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Defined Contribution--Personal IRA
Old 03-04-2014, 09:29 PM   #1
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Defined Contribution--Personal IRA

My wife worked for local govt. She paid into her defined benefit plan and defined contribution plan.

Is she allowed to also have her own personal IRA too? She tells me "no" but I just don't know. Any help is appreciated. Thank you.
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Old 03-04-2014, 10:48 PM   #2
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Originally Posted by mikefixac View Post
My wife worked for local govt. She paid into her defined benefit plan and defined contribution plan.



Is she allowed to also have her own personal IRA too? She tells me "no" but I just don't know. Any help is appreciated. Thank you.

Having an IRA shouldn't be a problem as long as she has earned income. Remember there are income limits when it comes to contributing to a Roth IRA.
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Old 03-05-2014, 09:35 AM   #3
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Having an IRA shouldn't be a problem as long as she has earned income. Remember there are income limits when it comes to contributing to a Roth IRA.

There are income limits for the regular IRA, also. If memory serves those income limits are more limited than the Roth.


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Old 03-05-2014, 02:07 PM   #4
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There are income limits for the regular IRA, also. If memory serves those income limits are more limited than the Roth.
Did you mean there are income limits regarding the deductibility of a TIRA?
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Old 03-05-2014, 02:23 PM   #5
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Did you mean there are income limits regarding the deductibility of a TIRA?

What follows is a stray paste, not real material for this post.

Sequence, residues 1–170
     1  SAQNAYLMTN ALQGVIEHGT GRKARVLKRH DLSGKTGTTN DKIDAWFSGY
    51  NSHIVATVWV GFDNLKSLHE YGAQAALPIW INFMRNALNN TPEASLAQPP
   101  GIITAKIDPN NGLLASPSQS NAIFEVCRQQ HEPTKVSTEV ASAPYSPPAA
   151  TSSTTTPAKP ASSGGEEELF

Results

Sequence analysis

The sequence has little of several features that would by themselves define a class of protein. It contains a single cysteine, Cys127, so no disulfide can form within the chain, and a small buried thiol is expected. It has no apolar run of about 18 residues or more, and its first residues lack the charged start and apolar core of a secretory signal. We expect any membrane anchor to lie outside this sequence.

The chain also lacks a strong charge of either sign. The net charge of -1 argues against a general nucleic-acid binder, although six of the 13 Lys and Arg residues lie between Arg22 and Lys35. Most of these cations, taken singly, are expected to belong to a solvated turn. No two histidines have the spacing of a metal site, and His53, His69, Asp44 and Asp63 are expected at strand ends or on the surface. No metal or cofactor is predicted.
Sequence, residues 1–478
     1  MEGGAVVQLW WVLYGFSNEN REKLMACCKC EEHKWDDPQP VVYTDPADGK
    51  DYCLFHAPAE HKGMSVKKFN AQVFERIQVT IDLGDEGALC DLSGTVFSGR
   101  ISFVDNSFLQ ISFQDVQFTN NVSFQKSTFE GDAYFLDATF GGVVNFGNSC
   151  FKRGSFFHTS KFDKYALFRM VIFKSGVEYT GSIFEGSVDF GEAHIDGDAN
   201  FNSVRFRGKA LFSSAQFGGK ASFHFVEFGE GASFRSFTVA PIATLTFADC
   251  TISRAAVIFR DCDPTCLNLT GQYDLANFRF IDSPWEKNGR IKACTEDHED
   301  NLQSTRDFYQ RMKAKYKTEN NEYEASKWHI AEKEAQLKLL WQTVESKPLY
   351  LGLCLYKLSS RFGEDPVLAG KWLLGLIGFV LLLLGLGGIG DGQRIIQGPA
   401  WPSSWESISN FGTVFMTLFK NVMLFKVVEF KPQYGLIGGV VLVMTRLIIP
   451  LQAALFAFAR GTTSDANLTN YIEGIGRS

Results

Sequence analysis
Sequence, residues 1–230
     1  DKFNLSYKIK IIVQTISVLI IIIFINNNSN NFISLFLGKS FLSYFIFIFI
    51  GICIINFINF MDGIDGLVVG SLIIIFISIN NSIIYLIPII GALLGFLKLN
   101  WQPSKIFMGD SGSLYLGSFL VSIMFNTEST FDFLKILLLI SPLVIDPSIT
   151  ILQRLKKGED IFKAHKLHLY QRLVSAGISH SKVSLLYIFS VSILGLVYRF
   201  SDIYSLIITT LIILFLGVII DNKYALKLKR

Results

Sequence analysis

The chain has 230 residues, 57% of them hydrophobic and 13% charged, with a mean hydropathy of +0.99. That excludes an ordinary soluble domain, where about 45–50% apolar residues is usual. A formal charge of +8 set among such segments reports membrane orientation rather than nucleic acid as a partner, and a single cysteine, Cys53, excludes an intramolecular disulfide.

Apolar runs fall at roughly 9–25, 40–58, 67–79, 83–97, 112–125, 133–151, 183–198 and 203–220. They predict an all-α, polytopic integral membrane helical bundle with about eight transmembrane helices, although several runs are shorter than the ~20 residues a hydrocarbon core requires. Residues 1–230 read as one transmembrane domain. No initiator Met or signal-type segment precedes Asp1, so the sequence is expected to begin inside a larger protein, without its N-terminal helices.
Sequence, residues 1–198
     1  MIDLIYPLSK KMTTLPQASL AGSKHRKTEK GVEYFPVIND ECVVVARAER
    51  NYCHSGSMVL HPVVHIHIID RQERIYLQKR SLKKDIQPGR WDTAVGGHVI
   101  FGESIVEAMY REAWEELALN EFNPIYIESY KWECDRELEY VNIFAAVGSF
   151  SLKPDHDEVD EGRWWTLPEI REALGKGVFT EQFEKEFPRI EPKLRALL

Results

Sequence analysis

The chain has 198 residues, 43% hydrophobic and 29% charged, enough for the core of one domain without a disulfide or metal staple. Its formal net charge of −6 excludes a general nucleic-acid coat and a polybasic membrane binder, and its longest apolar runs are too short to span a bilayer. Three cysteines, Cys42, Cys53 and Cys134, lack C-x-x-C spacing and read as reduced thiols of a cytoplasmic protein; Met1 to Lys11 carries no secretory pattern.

Youbet, I guess I should make sure we are talking about the same thing. I was under impression OP was looking at the traditional IRA, which I think that is what you are referring to also. If you are covered by a pension system, you have income limits on ability to contribute. I was always over limit so I never could, but fortunately was under for the Roth.
A married couple has to be under 95k MAGI to get full deduction. As a single if you are over $59k you are phased out and at 69k MAGI you get no deduction.



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Old 03-05-2014, 06:00 PM   #6
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Thanks. OP here. Yes. I am referring to a traditional IRA.

So I take it she is eligible?
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Old 03-05-2014, 06:29 PM   #7
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Thanks. OP here. Yes. I am referring to a traditional IRA.

So I take it she is eligible?

Mike the way I understand it is this. Yes, she can provided you as a couple are under the income guidelines... Caveat...Is she still working or retired already? If she is retired she will have to earn income besides pension income to contribute to one. So she would have to get a job! I did this to continue my Roth contributions in retirement and may do it this summer also for this years contribution.

http://www.irs.gov/Retirement-Plans/...duction-Limits




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Old 03-06-2014, 12:44 AM   #8
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Thanks Mulligan.

Yes, she's retired but started her own business. She retired but is not drawing retirement yet.

Years ago I sold a house and during tax time my tax lady said I'm going to be taking a big hit with my taxes that year. I said "What for"? She said because you sold your house and you made a profit. I told her about selling house and not having to pay taxes on it, provided I lived in the house for 2 years and profit was under $250K. She said I was wrong. Lawyer wife said I was wrong too. What do I know, I'm just a repairman. Fortunately, accountant lady looked into it and found out I was right.